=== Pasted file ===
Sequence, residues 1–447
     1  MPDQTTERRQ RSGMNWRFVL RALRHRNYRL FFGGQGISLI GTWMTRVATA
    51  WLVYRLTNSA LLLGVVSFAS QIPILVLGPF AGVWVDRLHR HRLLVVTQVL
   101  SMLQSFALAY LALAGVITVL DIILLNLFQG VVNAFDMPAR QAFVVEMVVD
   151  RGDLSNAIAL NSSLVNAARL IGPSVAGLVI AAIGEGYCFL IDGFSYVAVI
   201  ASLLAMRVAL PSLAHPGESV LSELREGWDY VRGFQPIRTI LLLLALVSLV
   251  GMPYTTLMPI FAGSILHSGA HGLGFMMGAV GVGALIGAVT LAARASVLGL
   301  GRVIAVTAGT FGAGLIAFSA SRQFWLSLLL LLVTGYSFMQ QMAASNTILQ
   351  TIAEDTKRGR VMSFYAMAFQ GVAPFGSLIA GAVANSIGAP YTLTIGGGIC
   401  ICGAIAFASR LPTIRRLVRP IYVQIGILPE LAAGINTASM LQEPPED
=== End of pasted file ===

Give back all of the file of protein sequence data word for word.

Sequence, residues 1–447
     1  MPDQTTERRQ RSGMNWRFVL RALRHRNYRL FFGGQGISLI GTWMTRVATA
    51  WLVYRLTNSA LLLGVVSFAS QIPILVLGPF AGVWVDRLHR HRLLVVTQVL
   101  SMLQSFALAY LALAGVITVL DIILLNLFQG VVNAFDMPAR QAFVVEMVVD
   151  RGDLSNAIAL NSSLVNAARL IGPSVAGLVI AAIGEGYCFL IDGFSYVAVI
   201  ASLLAMRVAL PSLAHPGESV LSELREGWDY VRGFQPIRTI LLLLALVSLV
   251  GMPYTTLMPI FAGSILHSGA HGLGFMMGAV GVGALIGAVT LAARASVLGL
   301  GRVIAVTAGT FGAGLIAFSA SRQFWLSLLL LLVTGYSFMQ QMAASNTILQ
   351  TIAEDTKRGR VMSFYAMAFQ GVAPFGSLIA GAVANSIGAP YTLTIGGGIC
   401  ICGAIAFASR LPTIRRLVRP IYVQIGILPE LAAGINTASM LQEPPED